Get a Photo with the Fresque des Québécois Mural
The fresque des Québécois mural is an impressive mural covering 420 square metres. It pays tribute to a number of important figures to the area such as Samuel de Champlain (the founder of Quebec City), Alphonse Desjardins (the co-founder of today's Desjardins Group), and singer-songwriter Félix Leclerc
The fresque des Québécois mural can be found near Place-Royale on Côte de la Montagne.
People watch at Place Royale
After the French settled here in the 1600s, this small square was a hub of commercial activity, before it eventually fell into decline. A lot of work has been put into restoring and preserving the historical square so that today, you feel like you've stepped back into olden day France. The main building at this square is the Notre-Dame-des-Victoires, one of the oldest churches in North America. There is also a restaurant here with patio seating, if you'd like to sit out there and do some people watching!
Walk the Fortifications of Quebec
The Fortifications of Quebec is yet another National Historic Site of Canada. These walls are the remnants of Quebec City's military history, defending the city from its inception in the 1600s. The walls, spanning 4.6km, make Old Quebec the only walled city in North America, north of Mexico. You can walk all of it, or just parts of it. And if you're interested in learning more about the history of the military activities in Old Quebec, you can visit the Citadelle and the Royal 22nd Regiment Museum.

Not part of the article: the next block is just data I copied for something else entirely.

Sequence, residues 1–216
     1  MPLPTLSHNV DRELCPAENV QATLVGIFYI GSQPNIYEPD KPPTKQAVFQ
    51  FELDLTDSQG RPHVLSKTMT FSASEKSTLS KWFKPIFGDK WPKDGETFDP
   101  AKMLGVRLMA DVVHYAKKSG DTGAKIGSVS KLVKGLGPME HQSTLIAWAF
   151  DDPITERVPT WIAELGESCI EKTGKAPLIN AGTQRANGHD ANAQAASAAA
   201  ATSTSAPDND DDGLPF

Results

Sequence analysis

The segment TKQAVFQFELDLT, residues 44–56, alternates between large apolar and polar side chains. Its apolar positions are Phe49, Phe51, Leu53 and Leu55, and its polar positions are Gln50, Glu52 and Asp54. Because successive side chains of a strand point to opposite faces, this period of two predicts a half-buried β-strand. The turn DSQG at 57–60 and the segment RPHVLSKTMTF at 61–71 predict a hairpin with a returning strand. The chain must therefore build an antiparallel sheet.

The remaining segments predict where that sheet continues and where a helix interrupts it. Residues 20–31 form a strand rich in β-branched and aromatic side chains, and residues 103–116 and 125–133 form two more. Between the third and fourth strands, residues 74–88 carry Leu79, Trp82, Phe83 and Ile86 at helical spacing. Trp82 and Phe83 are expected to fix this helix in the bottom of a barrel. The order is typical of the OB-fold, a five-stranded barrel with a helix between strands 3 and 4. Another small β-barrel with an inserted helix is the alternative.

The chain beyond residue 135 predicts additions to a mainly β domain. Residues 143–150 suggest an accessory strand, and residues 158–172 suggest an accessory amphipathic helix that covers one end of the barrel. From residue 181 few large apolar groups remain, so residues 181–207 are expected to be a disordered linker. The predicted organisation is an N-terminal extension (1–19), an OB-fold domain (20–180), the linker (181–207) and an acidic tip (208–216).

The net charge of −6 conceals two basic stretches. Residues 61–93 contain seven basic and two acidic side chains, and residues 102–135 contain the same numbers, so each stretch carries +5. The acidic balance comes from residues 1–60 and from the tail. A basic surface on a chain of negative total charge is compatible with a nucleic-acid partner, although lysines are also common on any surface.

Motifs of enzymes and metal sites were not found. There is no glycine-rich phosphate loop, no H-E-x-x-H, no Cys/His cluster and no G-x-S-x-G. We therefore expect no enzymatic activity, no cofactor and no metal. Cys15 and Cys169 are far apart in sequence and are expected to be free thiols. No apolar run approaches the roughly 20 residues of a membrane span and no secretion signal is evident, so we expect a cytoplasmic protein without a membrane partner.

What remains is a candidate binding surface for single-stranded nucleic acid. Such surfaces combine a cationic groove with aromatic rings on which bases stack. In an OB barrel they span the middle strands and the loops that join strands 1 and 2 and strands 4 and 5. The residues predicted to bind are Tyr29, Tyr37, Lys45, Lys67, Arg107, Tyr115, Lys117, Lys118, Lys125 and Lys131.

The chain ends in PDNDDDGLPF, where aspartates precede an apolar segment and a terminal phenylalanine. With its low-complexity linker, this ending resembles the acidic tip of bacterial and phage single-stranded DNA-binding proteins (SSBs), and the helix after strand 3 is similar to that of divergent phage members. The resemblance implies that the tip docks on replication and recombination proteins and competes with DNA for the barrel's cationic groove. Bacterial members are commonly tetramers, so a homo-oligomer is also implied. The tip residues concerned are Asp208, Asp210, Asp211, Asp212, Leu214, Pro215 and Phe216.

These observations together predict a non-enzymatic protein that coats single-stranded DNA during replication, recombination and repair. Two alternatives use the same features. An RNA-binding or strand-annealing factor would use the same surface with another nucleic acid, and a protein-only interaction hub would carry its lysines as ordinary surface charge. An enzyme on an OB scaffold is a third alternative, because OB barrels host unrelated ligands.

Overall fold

Relax at The Plains of Abraham
The Plains of Abraham was the site of the Battle of the Plains of Abraham in 1759, a battle between the French and British over New France. Today, it is an urban park with beautiful views of Château Frontenac and the St. Lawrence River. If you're tired after walking the walls, this is a great place to take a quick rest while taking in the view. If you're here in the winter, the Plains of Abraham and the surrounding park becomes a haven for those who love winter sports. You can snowshoe, cross-country ski, and skate here!
Dine in a Historic House
Aux Anciens Canadiens is a restaurant housed in a historical home, Maison Jacquet, built between 1675 and 1676. They serve up traditional Quebec cuisine, and if you stick to their prix fixe menu. You can get an appetizer, beer/wine, main, and dessert for upwards of $20!
If you're looking for Quebec cuisine with a more modern twist, I also tried pâté chinois (Chinese pie) at La Buche, and it was quite tasty!
Aux Anciens Canadiens is located at 34 Rue Saint Louis, Quebec.
Explore it all over again at night
As charming as Old Quebec is during the day, there's something about it after the sun has gone down and most of the people have retreated back to the homes/hotels. When all that's left is you, the cobbled streets, and the twinkling lights, it feels a lot more intimate and romantic.